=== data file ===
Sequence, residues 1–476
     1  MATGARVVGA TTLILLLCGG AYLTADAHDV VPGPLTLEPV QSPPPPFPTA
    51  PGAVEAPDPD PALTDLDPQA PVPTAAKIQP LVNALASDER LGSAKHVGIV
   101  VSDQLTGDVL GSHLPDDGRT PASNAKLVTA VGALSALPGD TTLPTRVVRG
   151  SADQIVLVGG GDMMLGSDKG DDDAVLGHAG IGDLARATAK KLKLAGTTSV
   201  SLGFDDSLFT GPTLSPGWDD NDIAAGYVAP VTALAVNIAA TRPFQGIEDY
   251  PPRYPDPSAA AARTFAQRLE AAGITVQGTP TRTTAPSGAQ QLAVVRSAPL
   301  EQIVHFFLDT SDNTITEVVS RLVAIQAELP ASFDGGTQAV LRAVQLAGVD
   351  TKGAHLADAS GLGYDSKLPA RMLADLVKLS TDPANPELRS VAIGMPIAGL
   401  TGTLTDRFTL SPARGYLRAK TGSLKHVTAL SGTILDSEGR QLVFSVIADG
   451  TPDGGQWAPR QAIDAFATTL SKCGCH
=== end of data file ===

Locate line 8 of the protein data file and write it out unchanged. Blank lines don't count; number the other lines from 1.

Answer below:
   301  EQIVHFFLDT SDNTITEVVS RLVAIQAELP ASFDGGTQAV LRAVQLAGVD